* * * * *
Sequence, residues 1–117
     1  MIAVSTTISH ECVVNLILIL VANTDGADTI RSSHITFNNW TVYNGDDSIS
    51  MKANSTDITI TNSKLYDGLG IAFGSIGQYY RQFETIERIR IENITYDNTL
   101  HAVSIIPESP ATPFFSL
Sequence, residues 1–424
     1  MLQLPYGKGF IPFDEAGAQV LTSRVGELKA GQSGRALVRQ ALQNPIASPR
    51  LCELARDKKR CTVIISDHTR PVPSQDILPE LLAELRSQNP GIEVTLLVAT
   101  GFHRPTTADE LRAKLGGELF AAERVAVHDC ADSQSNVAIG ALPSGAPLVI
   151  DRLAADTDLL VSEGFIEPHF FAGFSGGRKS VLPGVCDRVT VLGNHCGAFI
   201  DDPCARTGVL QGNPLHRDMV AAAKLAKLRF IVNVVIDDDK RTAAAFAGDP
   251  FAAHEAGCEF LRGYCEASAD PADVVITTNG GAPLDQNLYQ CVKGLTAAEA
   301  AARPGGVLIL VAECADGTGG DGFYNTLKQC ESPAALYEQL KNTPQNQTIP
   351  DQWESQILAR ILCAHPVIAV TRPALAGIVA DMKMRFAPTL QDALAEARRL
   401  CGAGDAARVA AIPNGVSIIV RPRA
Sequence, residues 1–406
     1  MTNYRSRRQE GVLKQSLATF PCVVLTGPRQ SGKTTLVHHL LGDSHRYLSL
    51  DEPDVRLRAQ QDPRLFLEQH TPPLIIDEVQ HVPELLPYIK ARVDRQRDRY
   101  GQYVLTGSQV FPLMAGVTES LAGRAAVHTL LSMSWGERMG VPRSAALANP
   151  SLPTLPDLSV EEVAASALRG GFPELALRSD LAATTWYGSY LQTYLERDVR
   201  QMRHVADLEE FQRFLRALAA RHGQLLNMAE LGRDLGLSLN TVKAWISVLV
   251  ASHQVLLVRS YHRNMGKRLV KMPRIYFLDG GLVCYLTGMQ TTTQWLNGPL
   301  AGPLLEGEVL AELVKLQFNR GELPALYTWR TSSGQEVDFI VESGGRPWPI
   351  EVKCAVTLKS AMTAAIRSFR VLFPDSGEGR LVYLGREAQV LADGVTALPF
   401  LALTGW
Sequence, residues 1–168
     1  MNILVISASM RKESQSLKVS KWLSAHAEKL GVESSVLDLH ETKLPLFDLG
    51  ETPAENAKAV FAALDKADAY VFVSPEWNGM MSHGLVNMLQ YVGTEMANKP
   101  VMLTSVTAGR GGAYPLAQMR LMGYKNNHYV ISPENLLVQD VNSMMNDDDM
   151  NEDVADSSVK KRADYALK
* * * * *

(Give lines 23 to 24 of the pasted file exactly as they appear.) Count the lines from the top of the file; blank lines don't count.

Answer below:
   351  EVKCAVTLKS AMTAAIRSFR VLFPDSGEGR LVYLGREAQV LADGVTALPF
   401  LALTGW